Gaz Metro leads opposition to TransCanadas Energy East project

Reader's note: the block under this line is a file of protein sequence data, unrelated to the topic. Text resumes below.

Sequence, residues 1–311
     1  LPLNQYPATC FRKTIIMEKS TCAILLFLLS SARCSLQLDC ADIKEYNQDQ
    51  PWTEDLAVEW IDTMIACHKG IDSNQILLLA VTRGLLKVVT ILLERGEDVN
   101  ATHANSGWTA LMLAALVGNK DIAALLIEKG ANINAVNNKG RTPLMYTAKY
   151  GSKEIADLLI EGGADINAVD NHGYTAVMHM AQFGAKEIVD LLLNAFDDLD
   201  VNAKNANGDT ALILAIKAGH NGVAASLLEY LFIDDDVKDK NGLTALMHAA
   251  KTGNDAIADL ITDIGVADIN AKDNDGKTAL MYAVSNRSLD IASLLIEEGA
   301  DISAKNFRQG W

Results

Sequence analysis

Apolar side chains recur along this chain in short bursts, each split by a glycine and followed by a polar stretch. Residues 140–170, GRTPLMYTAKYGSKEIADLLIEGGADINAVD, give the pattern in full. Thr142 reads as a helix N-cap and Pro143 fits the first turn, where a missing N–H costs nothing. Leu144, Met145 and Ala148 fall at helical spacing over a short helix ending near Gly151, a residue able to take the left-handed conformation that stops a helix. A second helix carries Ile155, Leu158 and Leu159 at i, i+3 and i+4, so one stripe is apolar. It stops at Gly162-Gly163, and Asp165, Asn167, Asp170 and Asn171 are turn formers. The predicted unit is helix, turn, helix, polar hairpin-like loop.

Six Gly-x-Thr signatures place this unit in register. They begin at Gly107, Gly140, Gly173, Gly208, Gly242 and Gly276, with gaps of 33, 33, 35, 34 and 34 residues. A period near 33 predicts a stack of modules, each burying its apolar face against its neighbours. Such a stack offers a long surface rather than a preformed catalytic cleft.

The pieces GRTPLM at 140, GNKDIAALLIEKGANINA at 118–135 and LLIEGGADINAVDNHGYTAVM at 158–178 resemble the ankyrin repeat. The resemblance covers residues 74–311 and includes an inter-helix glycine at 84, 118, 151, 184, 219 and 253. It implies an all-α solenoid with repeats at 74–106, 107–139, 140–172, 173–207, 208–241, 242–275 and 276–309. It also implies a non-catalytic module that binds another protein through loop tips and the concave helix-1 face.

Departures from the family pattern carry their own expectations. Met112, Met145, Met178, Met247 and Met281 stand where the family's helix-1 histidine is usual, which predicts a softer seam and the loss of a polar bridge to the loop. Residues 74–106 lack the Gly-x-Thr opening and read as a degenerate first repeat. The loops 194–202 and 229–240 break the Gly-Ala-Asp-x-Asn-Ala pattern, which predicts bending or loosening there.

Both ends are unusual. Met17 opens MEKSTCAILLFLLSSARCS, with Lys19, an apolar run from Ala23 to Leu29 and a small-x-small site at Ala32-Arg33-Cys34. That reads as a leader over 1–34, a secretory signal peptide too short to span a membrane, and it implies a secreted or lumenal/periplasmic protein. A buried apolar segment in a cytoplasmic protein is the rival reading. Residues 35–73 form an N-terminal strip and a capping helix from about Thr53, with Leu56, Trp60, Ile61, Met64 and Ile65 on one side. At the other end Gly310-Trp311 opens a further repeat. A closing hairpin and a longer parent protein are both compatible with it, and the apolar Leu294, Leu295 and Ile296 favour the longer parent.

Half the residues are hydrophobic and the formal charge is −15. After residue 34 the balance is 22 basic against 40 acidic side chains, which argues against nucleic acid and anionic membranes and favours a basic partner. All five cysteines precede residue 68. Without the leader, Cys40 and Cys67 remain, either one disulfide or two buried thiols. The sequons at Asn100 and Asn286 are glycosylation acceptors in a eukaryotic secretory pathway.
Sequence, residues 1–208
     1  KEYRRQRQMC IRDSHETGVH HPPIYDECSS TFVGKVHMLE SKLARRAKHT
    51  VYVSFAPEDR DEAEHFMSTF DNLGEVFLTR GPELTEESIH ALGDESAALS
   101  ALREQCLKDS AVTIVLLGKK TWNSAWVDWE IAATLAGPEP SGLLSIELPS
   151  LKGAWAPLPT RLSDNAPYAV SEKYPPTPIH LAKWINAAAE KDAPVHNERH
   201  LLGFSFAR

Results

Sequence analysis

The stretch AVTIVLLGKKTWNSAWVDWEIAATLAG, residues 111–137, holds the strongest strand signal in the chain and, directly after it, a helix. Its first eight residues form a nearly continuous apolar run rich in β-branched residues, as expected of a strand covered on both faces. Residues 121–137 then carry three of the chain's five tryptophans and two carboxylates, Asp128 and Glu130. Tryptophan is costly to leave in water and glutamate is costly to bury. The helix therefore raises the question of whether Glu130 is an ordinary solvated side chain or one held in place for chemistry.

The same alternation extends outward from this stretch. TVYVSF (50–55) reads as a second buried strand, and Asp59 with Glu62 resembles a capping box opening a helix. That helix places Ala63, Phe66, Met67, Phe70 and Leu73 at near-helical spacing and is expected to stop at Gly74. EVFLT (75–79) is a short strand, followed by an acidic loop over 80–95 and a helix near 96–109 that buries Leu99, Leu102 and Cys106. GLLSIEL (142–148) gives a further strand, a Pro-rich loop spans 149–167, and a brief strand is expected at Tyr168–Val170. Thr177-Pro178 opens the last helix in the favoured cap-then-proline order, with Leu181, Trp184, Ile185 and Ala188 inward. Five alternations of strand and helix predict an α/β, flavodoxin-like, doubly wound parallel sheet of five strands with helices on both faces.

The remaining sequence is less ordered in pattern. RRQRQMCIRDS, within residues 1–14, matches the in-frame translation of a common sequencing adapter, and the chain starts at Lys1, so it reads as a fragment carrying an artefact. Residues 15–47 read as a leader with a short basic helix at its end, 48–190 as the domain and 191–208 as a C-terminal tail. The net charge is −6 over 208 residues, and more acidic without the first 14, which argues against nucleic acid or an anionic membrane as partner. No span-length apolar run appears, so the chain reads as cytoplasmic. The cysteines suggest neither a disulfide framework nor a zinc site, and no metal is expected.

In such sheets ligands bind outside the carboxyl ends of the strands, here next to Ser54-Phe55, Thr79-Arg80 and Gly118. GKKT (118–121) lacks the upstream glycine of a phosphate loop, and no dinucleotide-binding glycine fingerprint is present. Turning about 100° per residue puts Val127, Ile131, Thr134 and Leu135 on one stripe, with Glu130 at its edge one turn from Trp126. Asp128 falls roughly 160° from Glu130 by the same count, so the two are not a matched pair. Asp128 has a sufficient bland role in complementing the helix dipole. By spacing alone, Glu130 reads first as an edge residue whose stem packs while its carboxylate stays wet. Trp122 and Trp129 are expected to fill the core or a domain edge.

MONTREAL – Pushback is building in Quebec over TransCanada Corp.’s $12-billion, cross-country project to convert a natural gas pipeline to oil, just weeks before the company files its formal proposal with the national energy regulator.Quebec’s largest natural gas distributor, Gaz Metro, plans to enlist the support of the provincial government to oppose the project that it says will lead to supply shortages, higher prices and threaten Quebec’s economic growth.“The project in its current version is problematic as it will impede the possibility for natural gas users to have access to the necessary capacities once the conversion happens,” spokeswoman Marie-Christine Demers said after Gas Metro made its case last week to the province’s energy regulator.She said the company plans to push the government to intervene when the proposal goes before the National Energy Board for approval. Specifically, Gaz Metro said the conversion of the 3,300-kilometre Energy East pipeline between Alberta and Quebec will reduce the supply of natural gas for customers during peak winter months and for economic development.Energy East would be one of the biggest infrastructure projects in Canadian history, crossing six provinces and traversing 4,600 kilometres in total. Roughly two thirds of it would make use of underused natural gas pipe that’s already in the ground, with new pipe being built through Quebec and New Brunswick.The idea is to connect oil sands crude to eastern refineries and to export some of the oil by tanker.TransCanada said the project will remove the 20 per cent excess natural gas capacity on the eastern network that is destined for export to the U.S. northeast, and it has plans to build more lines to meet any increased demand.“We’re taking nothing away from the Canadian domestic demand,” said Karl Johannson, executive vice-president of natural gas pipelines.The Calgary-based company plans to build a parallel Eastern Mainline pipeline that will stretch for a few hundred kilometres in southern Ontario, to carry natural gas to consumers in Quebec and Ontario.“TransCanada has served the natural gas market for over 60 years…If there is growth we will make sure the facilities are there for growth.”But Gaz Metro said the pipeline section between North Bay, in northeastern Ontario, and Ottawa is now fully used by customers at peak winter periods. It also sees reduced capacity driving up costs for consumers, who would also be on the hook to absorb more than $1.5 billion in infrastructure costs to build the parallel pipeline.Ontario’s Union Gas and Enbridge Gas Distribution have also raised similar concerns about the Energy East conversion.Johannson said he understands that local natural gas distributors want to maintain surplus capacity, but that comes with costs both for natural gas customers and the unrealized economic benefits of sending 1.1 million barrels of crude oil per day to refineries in Quebec and New Brunswick.“By not repurposing this capacity, Canadians and Quebecers lose a lot,” he said in an interview.A Deloitte study said the conversion will boost the Canadian GDP by $35-billion over 20 years, add $10-billion in taxes, support 10,000 jobs and help eastern refineries.The developers of a $1.6-billion fertilizer plant in Becancour, Que., said its project — which is one year behind schedule because of its difficulty to lock up natural gas supplies — is at risk unless it can obtain a reliable supply of natural gas.David Tournier, vice-president of legal affairs for IFFCO Canada, says the project’s shareholders are growing impatient by the delays in the regulatory dispute.“Without gas, there can be no plant. Our plant transforms natural gas into fertilizer and we settled in Quebec to have access to that gas at a time where there was no issue.”Tournier said IFFCO isn’t taking a position on the Energy East conversion but is awaiting an NEB decision on a tariff hike TransCanada has sought to provide access through southern Ontario to cheaper U.S. Marcellus shale natural gas.Regulatory approval this year could allow construction of the fertilizer plant to begin in 2015 for a 2018 opening.TransCanada said it has incorporated IFFCO’s natural gas needs into its supply plans and would provide the energy from Western Canada even if the NEB turns down its tariff request.Canadian Press read more